This month, with enthusiasm for the idea of the metaverse in a deep slump, The Interline set out to decode where and why the idea of real-time, immersive fashion events faltered. In the process, we found a conflicted clash of inclusivity and high barriers to entry, low audience numbers and continued brand investment, and artistic ambition and crude creative toolsets.
You’ll have seen the pretty catastrophic raw figures from Metaverse Fashion Week 2023, but what does this all mean for the ongoing evolution of metaverse technologies and brand participation? Is the idea of a fashion and beauty presence in the metaverse “dead”, locked in a short-term winter, or are we simply seeing hype give way to practical reality?
To uncover answers to those questions – and more – we enlisted four unique points of view and set four very different industry observers loose in and around MVFW2023. They were Ben Hanson, The Interline’s Editor-in-Chief; Jessica Quillin, a former art critic turned content strategist; Sasha Wallinger, a former chief marketing officer turned web3 and metaverse strategist; and Bryce Quillin, a retail economist and business strategist.
(Our News & Features Editor, Emma Feldner-Busztin, also went on her own deep-dive into the moving goalposts for metaverse fashion last month, in a piece that’s well worth reading as a primer to this multi-pronged investigation.)
Each of our observers has their own opinions, but together they arrived at a common conclusion. While brand investment in immersive experiences continues to be strong – despite the high bar needed to secure innovation funding in the current climate – the primary platforms that have promoted themselves as being the frontends for “the metaverse” are actively holding back the potential of a new avenue of creativity, storytelling, and engagement.
To deliver against the promise of real-time fashion shows and experiences (whether they end up carrying the metaverse label or not), our panel agreed that improving execution, safeguarding inclusivity, and shifting towards mainstream rendering engines and cross-media partnerships will be essential if the downward trend in user engagement is going to be reversed.
Read on for an overview of each writer’s perspective.
MVFW 2023: Managing The Fallout
Kicking off the MVFW series, The Interline’s Ben Hanson analyses the shortfalls, blemishes, and flaws of MVFW – and asks where, if anywhere, the opportunities for the future lie. The “fallout” of the title refers to the potentially contagious plague of bleak attendance figures, confusing user experience, a negative association with cryptocurrency, and the possibility of those spreading to the broader digital product creation ecosystem.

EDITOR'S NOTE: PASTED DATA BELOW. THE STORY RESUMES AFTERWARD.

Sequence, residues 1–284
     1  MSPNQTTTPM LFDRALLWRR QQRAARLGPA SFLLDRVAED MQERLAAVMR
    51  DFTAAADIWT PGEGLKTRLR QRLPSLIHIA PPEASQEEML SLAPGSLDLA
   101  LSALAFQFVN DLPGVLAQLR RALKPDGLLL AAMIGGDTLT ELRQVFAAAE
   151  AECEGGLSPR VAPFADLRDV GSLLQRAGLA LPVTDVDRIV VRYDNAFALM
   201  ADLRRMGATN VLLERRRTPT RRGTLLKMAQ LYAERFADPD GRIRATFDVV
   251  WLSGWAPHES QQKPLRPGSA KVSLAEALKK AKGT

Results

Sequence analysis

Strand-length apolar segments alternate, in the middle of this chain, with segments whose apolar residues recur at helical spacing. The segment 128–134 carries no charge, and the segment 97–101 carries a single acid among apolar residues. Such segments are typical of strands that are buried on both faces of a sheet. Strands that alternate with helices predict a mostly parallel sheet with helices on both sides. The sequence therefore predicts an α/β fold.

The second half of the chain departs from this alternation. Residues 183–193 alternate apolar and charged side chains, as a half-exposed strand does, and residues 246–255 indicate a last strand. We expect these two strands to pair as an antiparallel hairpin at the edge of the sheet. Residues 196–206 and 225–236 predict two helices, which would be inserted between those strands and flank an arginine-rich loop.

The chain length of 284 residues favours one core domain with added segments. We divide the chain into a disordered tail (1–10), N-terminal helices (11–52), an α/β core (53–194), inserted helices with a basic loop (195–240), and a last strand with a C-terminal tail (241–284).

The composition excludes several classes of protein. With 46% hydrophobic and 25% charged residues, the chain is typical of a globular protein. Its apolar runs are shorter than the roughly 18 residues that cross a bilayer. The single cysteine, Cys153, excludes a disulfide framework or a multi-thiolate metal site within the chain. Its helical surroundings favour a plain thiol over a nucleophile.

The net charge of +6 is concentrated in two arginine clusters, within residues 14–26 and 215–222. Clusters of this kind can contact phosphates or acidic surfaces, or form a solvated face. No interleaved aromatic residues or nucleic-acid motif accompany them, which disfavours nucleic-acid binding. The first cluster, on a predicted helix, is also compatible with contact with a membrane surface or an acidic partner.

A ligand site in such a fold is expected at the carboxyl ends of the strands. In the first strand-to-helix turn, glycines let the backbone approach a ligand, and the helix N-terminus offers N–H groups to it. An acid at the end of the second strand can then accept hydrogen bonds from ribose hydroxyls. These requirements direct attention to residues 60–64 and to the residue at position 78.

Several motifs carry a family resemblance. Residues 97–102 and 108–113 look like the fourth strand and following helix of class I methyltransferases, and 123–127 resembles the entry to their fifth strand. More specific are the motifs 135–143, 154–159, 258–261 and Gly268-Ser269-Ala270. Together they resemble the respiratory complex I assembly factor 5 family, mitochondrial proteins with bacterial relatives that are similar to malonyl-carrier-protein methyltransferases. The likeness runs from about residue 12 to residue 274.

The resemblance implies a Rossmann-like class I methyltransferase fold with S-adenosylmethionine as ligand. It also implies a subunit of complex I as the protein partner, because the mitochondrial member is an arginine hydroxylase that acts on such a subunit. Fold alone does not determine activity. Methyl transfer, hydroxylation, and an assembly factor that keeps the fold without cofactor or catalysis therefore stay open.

The Aesthetics Of The Metaverse And Digital Fashion
In the second in our investigations series, Jessica Quillin finds MVFW to be like all metaverse activations of the past several years: a big brand experiment and an experience deeply anchored to a waning hype cycle. But what might a successful real-time fashion show actually look and feel like? And how might brands take a more strategic, user-needs-focused approach to storytelling that could distinguish them if the industry does find its footing on a new frontier?
Why Do Brands Care About Metaverse Fashion Weeks?
In the third part in our metaversion fashion investigative series, Sasha Wallinger notes that in spite of dismal performance metrics, software inaccessibility, and poor user experience – optimism and desire to engage audiences has kept brands returning to events and incentivised them to join new, similar initiatives in fashion and beauty. Cutting through all the complexity, the key driver for those brands remains the opportunity to allow buyers to experience collections, products, and designs in an immersive, creative, and inspiring way that offers the chance to try something new.
The Hype, Reality, And Success Of MVFW 2023
In the final instalment, Bryce Quillin shares how lower engagement numbers should not be viewed as an indication of the deterioration of the idea of metaverse fashion as a whole, but rather pushback against a flawed prototype of a greater fashion experiment. One which did not have any negative impact on any brands, despite the sloppy performances. Now that the MVFW hype has quieted down, he argues, the hard work of matching immersive ideas to the right audiences begins.
For more on the vision for metaverse fashion, and how it clashes with current reality, explore our archives, or download our free-to-read Digital Product Creation report, which captures the idea of real-time fashion as one slice of fashion’s much broader digital transformation journey.